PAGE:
By Brittani Howell

 Impunity Watch Reporter, Middle East

SANA’A, Yemen—The five-day ceasefire ended late Sunday night. The Saudi-led coalition resumed airstrikes over Yemen blaming the Houthi rebels for breaking the truce. Yemen’s foreign minister, Riad Yassin, stated, “That’s what we said before – that if they start again, we will start again.”

Aid Supplies to Yemen. (Photo Courtesy of BBC)

The United States, a supporter of the Saudi-led coalition, also blamed the end of the truce on the Houthi rebels. State Department representative Jeff Rathke commented on Saudi Arabia’s “exercised restraint during the humanitarian pause” while the Houthis “moved missile-launchers to the border and shelled Saudi territory numerous times.”

Air strikes resumed late Sunday night and continued into Monday. Witnesses reported strikes attacking cities neighboring Aden.

The Saudi-led coalition does not intend to reinstate a cease-fire. However, air and sea ports used for aid relief will not be targeted. Saudi Arabian officials expressed remorse for the end of the cease-fire, blaming the Houthis for its end.

The UN and humanitarian groups urged for an additional five-day truce in order to extend aid to others. During the cease fire the United Nations was able to provide enough food for one month to 273,000 people. Fuel was provided to 1.2 million people to access water. Non-essential items were distributed to 32,000 people.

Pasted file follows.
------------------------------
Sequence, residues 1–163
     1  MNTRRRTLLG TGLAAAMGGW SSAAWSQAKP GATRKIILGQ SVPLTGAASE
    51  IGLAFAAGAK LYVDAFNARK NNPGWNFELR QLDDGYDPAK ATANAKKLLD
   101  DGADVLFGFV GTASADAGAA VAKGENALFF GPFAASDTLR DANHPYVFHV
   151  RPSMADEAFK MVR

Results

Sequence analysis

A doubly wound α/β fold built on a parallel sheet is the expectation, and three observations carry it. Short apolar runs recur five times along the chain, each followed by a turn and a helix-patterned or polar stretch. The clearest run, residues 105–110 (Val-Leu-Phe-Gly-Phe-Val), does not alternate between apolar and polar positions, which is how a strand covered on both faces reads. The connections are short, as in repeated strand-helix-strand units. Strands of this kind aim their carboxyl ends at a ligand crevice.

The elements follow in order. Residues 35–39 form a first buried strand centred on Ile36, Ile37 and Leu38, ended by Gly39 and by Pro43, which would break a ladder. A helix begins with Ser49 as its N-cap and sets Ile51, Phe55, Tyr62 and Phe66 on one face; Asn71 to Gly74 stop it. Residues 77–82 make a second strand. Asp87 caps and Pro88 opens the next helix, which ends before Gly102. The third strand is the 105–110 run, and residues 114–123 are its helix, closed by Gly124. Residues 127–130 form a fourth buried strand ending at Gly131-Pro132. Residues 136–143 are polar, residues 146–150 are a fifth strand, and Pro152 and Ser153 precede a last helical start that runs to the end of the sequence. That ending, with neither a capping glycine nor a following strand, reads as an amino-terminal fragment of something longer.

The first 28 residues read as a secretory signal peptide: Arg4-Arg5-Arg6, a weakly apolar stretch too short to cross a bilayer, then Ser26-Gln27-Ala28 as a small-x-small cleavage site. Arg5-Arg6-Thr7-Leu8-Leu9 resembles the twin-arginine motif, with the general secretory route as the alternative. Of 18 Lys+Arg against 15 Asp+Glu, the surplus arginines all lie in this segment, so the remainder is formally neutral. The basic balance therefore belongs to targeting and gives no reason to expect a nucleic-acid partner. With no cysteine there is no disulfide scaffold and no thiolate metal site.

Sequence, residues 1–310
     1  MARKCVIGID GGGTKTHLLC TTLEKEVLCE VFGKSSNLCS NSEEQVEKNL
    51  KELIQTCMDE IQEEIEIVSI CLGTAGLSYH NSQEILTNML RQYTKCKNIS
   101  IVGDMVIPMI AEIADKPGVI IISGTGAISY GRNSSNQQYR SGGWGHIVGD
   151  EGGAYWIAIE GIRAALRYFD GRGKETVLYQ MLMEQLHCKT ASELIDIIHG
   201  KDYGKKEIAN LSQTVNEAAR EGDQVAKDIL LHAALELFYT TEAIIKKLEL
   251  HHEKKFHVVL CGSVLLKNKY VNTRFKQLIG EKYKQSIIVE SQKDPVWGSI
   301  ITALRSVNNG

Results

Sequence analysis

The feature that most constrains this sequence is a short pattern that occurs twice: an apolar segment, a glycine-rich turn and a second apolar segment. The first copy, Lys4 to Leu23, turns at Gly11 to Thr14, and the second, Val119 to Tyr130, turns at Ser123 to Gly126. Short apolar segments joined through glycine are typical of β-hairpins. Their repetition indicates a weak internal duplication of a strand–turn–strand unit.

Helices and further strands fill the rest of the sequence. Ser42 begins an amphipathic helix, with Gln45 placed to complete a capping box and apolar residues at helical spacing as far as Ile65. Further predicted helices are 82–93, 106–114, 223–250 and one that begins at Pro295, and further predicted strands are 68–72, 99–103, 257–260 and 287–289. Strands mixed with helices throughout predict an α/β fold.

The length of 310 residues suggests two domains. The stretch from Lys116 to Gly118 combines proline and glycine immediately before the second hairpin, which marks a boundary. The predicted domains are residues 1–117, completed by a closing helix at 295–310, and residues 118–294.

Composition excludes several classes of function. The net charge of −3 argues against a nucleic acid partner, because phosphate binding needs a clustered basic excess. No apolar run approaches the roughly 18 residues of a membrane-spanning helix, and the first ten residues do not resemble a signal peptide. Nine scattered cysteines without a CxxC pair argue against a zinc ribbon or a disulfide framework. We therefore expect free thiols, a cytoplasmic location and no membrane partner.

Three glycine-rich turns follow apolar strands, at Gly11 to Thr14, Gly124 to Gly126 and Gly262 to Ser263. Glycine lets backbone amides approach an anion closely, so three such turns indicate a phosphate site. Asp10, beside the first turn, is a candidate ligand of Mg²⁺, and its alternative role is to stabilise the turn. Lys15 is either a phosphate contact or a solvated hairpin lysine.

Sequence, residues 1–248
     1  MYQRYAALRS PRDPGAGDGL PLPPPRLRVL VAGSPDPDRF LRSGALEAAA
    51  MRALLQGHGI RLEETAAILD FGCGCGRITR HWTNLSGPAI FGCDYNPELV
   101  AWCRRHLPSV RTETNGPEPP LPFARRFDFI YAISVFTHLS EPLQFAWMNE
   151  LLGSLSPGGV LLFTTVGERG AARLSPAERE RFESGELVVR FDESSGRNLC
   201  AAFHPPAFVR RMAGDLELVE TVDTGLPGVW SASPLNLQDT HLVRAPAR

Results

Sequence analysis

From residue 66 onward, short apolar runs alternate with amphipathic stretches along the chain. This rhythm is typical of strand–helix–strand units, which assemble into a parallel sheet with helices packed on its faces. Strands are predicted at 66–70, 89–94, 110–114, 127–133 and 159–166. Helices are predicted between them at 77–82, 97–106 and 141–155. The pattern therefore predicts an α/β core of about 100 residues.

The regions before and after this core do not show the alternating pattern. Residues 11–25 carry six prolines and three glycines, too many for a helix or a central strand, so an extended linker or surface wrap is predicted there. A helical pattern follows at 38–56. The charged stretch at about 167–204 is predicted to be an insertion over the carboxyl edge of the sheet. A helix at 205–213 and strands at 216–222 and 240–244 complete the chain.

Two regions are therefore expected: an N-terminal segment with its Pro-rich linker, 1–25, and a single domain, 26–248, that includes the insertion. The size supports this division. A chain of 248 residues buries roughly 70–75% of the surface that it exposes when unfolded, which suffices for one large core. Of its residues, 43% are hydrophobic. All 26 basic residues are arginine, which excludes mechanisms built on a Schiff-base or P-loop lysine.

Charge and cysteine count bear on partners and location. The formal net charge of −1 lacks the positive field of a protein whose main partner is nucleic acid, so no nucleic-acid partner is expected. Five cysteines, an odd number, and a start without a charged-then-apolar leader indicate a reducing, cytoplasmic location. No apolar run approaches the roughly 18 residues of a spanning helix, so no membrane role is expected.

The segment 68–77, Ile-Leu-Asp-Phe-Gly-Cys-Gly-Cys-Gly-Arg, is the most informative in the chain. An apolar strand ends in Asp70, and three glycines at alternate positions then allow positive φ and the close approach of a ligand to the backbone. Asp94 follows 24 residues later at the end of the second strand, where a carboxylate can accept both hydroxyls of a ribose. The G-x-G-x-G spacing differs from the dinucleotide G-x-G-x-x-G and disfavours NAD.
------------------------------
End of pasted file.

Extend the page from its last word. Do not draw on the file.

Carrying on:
Yemen is a country of 26 million people and one of the poorest in the Middle East. An extended truce would have allowed supplies to reach others who remain in desperate need as a result of the air and sea blockade. Yemen relies heavily on imports in order to sustain its population.

Unicef was able to resupply medical centers and establish mobile centers to rural areas. Solar-powered refrigerators were also provided in order to keep vaccines cool. A Unicef representative, when commenting on the aid effort, stated, “humanitarian assistance cannot replace the needs of 26 million people who have been cut off from a regular supply of commercial imports of food and fuel.”

Even with the aid received, hospitals are still in great need of fuel in order to continue to operate the generators.

The Saudi-led coalition continues to attempt to re-instate President Abdrabbuh Mansour Hadi. President Hadi was exiled in late March. The efforts so far have not proven successful. The Houthis continue to advance in Aden with no sign of stopping. There is evidence that the truce allowed the Houthis to bring more troops into Aden.

According to the United Nations, since March 1,820 have been killed, 7,330 have been injured, and 545,719 have been displaced.

For further information, please see:

BBC- Yemen Conflict: Saudi-led Air Strikes Resume as Truce Ends– 18 May 2015

Chicago Tribune- Saudi-led Airstrikes in Yemen Resume After Truce Expires– 18 May 2015

Reuters- Saudi-led Air Strikes hit Yemen After Truce Expires– 18 May 2015

New York Times- Saudi-led Airstrikes Resume in Yemen as Truce Ends– 17 May 2015

Author: Impunity Watch Archive